Remotely Rio: MTG plans split operation for Olympics coverage

MTG CTO Bartek Gudowski: “This is an interesting challenge and opens up a whole new perspective on production”

MTG CTO Bartek Gudowski: “This is an interesting challenge and opens up a whole new perspective on production”

With the increasing use of IP technology for remote production, it was inevitable that broadcasters would look at this option when it comes to coverage of the Olympic Games in Rio. One such broadcaster is Scandinavia-based Modern Times Group (MTG).

“This will be the first remote production project we have undertaken,” reveals MTG’s CTO Bartek Gudowski. “And with that in mind, you will not be surprised to learn that we carried out extensive research within our own company and talked to several other experienced broadcasters to get input on how to achieve the very best – and most reliable — results.”

Once all this background help had been assimilated, MTG began an in-depth testing process to recognise potential problems and evaluate solutions. “We built a replica of our Brazilian studio, control room and CAR within our facility in Stockholm. This allowed us to examine the whole set-up well in advance.

“Two areas that especially occupied our attention were time delays and talkback. However, our testing procedure enabled us to devise solutions that overcame the difficulties. When we were satisfied that everything was in place and worked as it was supposed to, we packed it up and sent it to Rio.”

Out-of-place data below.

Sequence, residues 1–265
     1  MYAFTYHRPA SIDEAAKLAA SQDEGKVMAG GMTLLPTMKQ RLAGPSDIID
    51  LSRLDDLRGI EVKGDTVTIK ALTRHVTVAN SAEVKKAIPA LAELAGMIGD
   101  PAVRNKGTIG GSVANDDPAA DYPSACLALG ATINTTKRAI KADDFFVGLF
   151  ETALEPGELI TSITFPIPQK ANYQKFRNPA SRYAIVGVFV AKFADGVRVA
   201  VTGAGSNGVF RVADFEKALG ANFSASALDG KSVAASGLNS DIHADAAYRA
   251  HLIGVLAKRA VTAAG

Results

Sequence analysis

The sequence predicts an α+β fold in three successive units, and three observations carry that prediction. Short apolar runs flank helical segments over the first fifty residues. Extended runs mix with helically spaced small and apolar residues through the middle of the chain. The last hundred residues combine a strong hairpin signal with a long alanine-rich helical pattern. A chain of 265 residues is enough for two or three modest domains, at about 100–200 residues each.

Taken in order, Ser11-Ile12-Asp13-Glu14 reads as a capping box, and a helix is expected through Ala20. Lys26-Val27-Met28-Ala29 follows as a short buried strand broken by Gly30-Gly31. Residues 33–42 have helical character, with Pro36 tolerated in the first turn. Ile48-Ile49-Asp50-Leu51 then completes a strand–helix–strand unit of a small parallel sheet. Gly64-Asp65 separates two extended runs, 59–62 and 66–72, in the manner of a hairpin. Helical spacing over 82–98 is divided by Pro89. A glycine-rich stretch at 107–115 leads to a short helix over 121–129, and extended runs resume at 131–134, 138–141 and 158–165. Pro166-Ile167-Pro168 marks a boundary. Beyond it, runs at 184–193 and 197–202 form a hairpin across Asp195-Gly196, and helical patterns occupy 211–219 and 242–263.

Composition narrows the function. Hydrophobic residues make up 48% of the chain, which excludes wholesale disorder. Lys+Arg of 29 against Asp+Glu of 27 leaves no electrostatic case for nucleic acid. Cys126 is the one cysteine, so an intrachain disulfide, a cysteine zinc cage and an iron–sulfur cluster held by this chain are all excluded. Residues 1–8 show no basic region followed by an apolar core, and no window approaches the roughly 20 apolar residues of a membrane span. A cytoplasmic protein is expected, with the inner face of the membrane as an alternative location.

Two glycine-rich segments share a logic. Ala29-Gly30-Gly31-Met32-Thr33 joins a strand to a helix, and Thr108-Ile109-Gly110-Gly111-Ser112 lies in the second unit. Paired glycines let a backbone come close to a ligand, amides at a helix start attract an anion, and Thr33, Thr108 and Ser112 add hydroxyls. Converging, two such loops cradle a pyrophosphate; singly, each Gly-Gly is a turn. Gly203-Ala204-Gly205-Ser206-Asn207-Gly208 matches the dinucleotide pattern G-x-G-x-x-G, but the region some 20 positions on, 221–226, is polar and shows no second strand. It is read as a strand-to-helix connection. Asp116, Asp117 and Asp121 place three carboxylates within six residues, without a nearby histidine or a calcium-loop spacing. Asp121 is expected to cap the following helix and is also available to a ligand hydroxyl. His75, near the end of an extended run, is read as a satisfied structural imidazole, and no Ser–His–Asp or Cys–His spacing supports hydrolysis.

Gudowski says that remote production will mean there are significant savings to be made in travel and accommodation costs. “In all, just over 100 MTG personnel will be in Rio, made up of ENG teams, programme hosts, editors, technical operators, logistical personnel and security. The main production staff – directors, vision mixers, production assistants and so on — will be based in Stockholm for the duration of the Games.”

While the Stockholm gallery will be equipped with a Snell Kahuna vision switcher, MTG will be using Grass Valley cameras in its Olympics studio. “We will be deploying three or four cameras in the studio, and the output from these, plus audio and the 4-wire connections will be fed back to Sweden by fibre. In principle, this will be a single fibre, but we are setting up multiple fibres in parallel to carry the different services, such as J2K compressed video, MADI, and Ethernet, but also to run these as protected services.

“In other words, we will utilise these diverse fibre paths for redundancy. Apart from these protected services, we have several disaster recovery programme scenarios that we can use in case of emergencies, including satellite. The speed of the fibre connection will be 4 times 1 Gb/s, and we will be using both PAL and NTSC standards across the production chain.”

MTG will utilise a separate return feed for camera racking, prompting devices and similar operations. “This is an interesting challenge and opens up a whole new perspective on production. We are really looking forward to making the best broadcasting ever from the Olympic Games in Rio,” says Gudowski.

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